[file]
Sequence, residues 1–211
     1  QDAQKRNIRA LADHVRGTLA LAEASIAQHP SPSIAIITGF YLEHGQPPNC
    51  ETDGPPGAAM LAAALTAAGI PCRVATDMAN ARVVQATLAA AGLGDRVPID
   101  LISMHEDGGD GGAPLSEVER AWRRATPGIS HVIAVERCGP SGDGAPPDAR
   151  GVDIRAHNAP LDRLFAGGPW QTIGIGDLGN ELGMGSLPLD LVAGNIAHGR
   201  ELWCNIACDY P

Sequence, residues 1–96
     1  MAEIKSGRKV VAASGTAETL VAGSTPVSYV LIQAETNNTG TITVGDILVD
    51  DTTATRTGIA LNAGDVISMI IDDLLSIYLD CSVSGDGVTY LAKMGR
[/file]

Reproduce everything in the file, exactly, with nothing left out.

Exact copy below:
Sequence, residues 1–211
     1  QDAQKRNIRA LADHVRGTLA LAEASIAQHP SPSIAIITGF YLEHGQPPNC
    51  ETDGPPGAAM LAAALTAAGI PCRVATDMAN ARVVQATLAA AGLGDRVPID
   101  LISMHEDGGD GGAPLSEVER AWRRATPGIS HVIAVERCGP SGDGAPPDAR
   151  GVDIRAHNAP LDRLFAGGPW QTIGIGDLGN ELGMGSLPLD LVAGNIAHGR
   201  ELWCNIACDY P

Sequence, residues 1–96
     1  MAEIKSGRKV VAASGTAETL VAGSTPVSYV LIQAETNNTG TITVGDILVD
    51  DTTATRTGIA LNAGDVISMI IDDLLSIYLD CSVSGDGVTY LAKMGR